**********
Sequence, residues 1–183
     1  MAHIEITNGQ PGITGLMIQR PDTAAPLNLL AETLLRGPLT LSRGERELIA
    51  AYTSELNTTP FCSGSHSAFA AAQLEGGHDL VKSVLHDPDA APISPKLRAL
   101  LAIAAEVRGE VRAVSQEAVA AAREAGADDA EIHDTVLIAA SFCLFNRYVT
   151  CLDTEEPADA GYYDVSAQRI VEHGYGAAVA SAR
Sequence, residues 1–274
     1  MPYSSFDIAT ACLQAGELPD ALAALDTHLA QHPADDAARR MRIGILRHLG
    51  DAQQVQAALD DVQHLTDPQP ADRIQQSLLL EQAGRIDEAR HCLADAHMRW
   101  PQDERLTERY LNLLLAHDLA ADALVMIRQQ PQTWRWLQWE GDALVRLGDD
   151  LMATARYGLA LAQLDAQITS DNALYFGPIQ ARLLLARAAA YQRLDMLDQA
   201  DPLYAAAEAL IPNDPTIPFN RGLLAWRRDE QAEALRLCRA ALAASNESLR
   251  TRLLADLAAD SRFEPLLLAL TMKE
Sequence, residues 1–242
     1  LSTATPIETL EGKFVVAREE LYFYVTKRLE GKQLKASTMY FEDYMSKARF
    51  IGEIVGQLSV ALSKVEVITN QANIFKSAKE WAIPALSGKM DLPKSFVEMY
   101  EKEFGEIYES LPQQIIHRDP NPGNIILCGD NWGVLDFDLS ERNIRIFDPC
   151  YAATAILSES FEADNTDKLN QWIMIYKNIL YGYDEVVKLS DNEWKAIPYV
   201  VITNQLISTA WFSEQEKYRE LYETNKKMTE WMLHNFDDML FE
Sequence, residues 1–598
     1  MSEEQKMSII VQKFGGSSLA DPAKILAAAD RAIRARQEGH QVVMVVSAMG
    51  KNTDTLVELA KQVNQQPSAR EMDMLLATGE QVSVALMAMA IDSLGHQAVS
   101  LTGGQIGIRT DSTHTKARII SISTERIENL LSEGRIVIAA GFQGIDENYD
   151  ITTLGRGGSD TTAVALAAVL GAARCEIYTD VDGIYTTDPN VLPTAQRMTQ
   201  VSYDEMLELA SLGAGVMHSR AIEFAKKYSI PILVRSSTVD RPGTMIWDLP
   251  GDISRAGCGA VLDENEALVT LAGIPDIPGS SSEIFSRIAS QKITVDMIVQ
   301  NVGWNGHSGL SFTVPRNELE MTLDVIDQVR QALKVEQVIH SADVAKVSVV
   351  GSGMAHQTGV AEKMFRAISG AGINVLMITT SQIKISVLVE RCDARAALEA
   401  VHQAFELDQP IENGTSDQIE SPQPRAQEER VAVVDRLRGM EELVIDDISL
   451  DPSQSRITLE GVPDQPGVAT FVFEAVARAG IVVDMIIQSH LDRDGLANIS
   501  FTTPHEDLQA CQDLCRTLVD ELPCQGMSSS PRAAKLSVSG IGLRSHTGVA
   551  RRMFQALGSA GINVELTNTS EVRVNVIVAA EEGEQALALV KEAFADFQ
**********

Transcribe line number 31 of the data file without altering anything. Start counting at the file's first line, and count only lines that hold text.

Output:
   551  RRMFQALGSA GINVELTNTS EVRVNVIVAA EEGEQALALV KEAFADFQ